“Anytime the federal government says ‘we’re not going to take civil rights seriously’ — this is a huge concern,” said Sara Rosenbaum, a professor of health law and policy at George Washington University in Washington, D.C.

An HHS spokeswoman declined to answer what impact rewriting the rule could have or how likely it is the department would scale back transgender protections, citing laws that limit disclosing “non-public information regarding rule-making.”

But if the federal government isn’t asserting a certain coverage standard for publicly funded programs, health plans can find leeway to deny claims and argue a transition-related service is not medically necessary, noted Katie Keith, an adjunct law professor at Georgetown University. She also runs Out2Enroll, an advocacy group that connects LGBTQ people with health insurance options.

The consequences can be serious. Singleton said she has known many people who want hormone therapy but have long felt uncomfortable seeking it at health clinics, because of poor experiences with insurance coverage. Their alternative: buying the drugs through illicit channels, where it’s hard to know if they’re of good quality, or even safe to use.

“If they’re trying to get themselves comfortable with their look, they’ll go to any extreme measures,” she said.

Coverage changes that, she added. “It will definitely improve health situations.”

Singleton (right) colors Aly Damian’s hair at Singleton’s salon in west Philadelphia while Damian video-chats with a family member. Like Singleton, Damian, 27, is transgender and considers Singleton her “gay mother.” (Eileen Blass for KHN)

Even with Medicaid policies explicitly guaranteeing coverage, beneficiaries still navigate plenty of red tape, said Amy Nelson, who directs patient legal services at Whitman-Walker Health, a clinic in Washington, D.C., that specializes in LGBTQ care. It has staff whose entire job is navigating insurance hurdles for people seeking transition-related care.

States that have already rewritten Medicaid policies are unlikely to rescind them, Keith said. But if HHS waters down federal protections, others may be reluctant to hop on. “It makes the state-level work much more important,” she said.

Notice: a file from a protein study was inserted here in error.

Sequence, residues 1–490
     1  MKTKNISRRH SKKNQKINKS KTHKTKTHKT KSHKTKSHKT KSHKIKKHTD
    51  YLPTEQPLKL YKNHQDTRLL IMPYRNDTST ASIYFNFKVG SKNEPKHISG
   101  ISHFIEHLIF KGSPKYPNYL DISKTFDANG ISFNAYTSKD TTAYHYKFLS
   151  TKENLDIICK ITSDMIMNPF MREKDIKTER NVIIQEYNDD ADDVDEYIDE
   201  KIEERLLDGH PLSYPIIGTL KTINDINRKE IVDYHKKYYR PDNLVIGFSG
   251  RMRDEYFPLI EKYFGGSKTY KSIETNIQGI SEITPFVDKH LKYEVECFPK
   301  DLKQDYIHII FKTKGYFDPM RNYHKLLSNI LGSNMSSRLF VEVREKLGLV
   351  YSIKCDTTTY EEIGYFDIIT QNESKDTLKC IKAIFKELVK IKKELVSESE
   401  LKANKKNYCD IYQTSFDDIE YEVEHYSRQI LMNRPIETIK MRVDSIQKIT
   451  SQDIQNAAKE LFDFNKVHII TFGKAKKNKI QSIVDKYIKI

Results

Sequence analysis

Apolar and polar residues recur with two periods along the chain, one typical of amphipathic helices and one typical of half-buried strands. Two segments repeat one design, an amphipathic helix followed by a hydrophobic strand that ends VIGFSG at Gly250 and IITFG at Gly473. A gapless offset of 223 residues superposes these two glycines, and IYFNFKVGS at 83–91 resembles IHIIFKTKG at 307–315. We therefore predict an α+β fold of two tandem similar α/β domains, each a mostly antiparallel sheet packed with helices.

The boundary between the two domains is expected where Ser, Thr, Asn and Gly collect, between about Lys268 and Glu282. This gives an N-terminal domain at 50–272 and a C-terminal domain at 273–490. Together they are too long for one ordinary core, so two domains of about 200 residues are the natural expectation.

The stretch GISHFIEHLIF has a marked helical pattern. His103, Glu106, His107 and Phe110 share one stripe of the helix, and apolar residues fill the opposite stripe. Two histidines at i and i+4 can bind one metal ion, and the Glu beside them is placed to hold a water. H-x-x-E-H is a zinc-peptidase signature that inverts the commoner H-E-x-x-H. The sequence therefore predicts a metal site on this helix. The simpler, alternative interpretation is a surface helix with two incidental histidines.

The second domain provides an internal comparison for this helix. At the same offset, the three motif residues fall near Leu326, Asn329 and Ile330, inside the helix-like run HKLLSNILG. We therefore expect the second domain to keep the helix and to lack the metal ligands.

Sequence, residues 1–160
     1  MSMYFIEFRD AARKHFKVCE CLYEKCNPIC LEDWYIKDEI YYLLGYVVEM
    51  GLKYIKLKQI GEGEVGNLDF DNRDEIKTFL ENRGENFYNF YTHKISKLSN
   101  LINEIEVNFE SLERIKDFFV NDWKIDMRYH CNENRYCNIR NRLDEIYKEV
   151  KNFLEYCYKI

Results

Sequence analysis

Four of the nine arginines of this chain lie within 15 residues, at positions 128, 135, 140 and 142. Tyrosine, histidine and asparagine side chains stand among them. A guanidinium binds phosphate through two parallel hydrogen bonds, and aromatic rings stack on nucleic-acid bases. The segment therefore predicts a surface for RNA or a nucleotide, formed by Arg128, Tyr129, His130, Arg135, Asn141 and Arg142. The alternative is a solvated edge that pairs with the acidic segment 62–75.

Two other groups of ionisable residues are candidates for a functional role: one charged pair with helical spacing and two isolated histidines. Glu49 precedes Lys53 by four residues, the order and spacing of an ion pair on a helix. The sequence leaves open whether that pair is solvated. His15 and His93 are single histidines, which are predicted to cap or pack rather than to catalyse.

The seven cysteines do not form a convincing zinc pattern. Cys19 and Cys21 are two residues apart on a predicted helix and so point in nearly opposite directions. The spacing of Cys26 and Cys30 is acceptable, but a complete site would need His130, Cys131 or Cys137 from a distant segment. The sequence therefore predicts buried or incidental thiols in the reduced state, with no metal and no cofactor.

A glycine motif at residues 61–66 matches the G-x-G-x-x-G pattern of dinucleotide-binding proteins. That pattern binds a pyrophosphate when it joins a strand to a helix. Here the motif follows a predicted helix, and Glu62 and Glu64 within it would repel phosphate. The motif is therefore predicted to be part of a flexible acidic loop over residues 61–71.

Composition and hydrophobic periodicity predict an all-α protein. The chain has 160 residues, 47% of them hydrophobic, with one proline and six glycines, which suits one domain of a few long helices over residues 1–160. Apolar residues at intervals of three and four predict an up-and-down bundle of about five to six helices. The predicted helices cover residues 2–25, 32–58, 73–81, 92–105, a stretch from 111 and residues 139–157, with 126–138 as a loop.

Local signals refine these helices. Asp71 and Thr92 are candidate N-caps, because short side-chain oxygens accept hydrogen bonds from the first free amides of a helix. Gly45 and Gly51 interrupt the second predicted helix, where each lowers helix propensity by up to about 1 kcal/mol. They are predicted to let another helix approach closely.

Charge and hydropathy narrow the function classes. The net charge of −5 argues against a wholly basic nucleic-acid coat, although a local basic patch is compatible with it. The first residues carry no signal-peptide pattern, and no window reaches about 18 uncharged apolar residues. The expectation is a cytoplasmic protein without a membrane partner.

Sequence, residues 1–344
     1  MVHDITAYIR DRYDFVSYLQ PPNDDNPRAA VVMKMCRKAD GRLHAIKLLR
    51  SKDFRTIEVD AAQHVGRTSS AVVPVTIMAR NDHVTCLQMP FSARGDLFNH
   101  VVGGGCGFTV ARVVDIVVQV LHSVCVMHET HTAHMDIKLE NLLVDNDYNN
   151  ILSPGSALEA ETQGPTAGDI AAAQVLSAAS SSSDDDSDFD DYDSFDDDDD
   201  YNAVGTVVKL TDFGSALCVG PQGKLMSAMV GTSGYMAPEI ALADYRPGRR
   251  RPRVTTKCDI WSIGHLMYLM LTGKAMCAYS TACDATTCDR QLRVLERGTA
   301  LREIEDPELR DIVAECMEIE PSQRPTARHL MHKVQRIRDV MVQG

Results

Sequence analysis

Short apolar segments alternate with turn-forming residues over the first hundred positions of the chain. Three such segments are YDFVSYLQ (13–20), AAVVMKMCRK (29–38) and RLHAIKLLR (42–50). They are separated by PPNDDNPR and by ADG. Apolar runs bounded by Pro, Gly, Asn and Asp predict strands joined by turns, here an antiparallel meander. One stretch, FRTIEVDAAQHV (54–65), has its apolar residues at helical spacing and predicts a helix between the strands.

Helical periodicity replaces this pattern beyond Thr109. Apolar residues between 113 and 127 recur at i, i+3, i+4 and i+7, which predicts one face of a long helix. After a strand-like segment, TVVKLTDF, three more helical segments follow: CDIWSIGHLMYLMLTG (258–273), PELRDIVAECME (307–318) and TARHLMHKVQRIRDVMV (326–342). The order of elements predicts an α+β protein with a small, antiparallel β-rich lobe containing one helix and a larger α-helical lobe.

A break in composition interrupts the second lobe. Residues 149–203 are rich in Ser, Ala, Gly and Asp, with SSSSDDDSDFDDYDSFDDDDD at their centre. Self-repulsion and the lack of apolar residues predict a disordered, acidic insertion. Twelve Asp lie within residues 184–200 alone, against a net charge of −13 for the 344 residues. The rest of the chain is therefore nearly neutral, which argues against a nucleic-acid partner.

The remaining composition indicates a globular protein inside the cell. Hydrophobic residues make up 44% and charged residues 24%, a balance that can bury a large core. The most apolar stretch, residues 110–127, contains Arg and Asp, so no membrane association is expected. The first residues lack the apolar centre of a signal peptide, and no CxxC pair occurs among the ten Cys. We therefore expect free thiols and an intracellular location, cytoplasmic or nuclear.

Already, lower courts are offering one path. In Minnesota, a 64-year-old resident sued the state when its Medicaid program wouldn’t cover a transition-related double mastectomy. A county judge held that denying coverage for this procedure violated the state constitution. Advocates have found similar success through legal action in Pennsylvania and New York.

A growing body of research suggests that paying for gender transition doesn’t cost state Medicaid programs much when compared with potential savings down the line that would result from preventing health issues such as long-term psychological distress. Private insurance has also moved in this direction. In 2014, Medicare — the federal program covering elderly people — lifted some restrictions on covering gender transition.

Another complicating factor: the ongoing Obamacare repeal efforts on Capitol Hill. Current GOP health plans don’t address these anti-discrimination regulations because they can include only provisions that qualify for fast-track consideration. Republicans tend to support stepping back from the law’s expansion of Medicaid, which made millions of Americans newly eligible for the program. “It’s great to have 1557 [protections], but if no one can get a health insurance plan, or get Medicaid, it doesn’t matter much,” Keith said.

Plus, those lawmakers want to restructure Medicaid, giving states more control but also limiting its funding. Experts say the change could create cost pressures that would drive states to restrict who is eligible for the program, stop covering particular services or both.

“Transgender people could be vulnerable,” suggested Harper Jean Tobin, policy director at the National Center for Transgender Equality, an advocacy group. “That is more likely if the administration is sending the message to states … that it’s OK to discriminate against transgender people.”

For patients like the ones Nelson sees at Whitman-Walker, the impact would be grim. Some, she recalled, have waited as long as 40 years to get treatment that, without Medicaid benefits, was simply unaffordable.

“They’ve been suffering silently,” she said. “Folks are thrilled to have access. But to offer it and then pull it back would be devastating.”

Categories: Medicaid, Repeal And Replace Watch, The Health Law